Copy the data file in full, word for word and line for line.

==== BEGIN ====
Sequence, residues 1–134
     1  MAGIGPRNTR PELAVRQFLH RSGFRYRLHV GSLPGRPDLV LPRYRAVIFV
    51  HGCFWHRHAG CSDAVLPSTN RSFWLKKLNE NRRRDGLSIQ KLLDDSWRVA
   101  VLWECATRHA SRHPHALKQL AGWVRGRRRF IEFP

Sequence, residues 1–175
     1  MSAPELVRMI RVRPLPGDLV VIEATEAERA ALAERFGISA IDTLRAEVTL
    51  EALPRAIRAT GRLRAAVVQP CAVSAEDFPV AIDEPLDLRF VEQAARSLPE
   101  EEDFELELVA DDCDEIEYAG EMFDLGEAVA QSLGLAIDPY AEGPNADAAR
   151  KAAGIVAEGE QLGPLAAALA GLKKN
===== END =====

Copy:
Sequence, residues 1–134
     1  MAGIGPRNTR PELAVRQFLH RSGFRYRLHV GSLPGRPDLV LPRYRAVIFV
    51  HGCFWHRHAG CSDAVLPSTN RSFWLKKLNE NRRRDGLSIQ KLLDDSWRVA
   101  VLWECATRHA SRHPHALKQL AGWVRGRRRF IEFP

Sequence, residues 1–175
     1  MSAPELVRMI RVRPLPGDLV VIEATEAERA ALAERFGISA IDTLRAEVTL
    51  EALPRAIRAT GRLRAAVVQP CAVSAEDFPV AIDEPLDLRF VEQAARSLPE
   101  EEDFELELVA DDCDEIEYAG EMFDLGEAVA QSLGLAIDPY AEGPNADAAR
   151  KAAGIVAEGE QLGPLAAALA GLKKN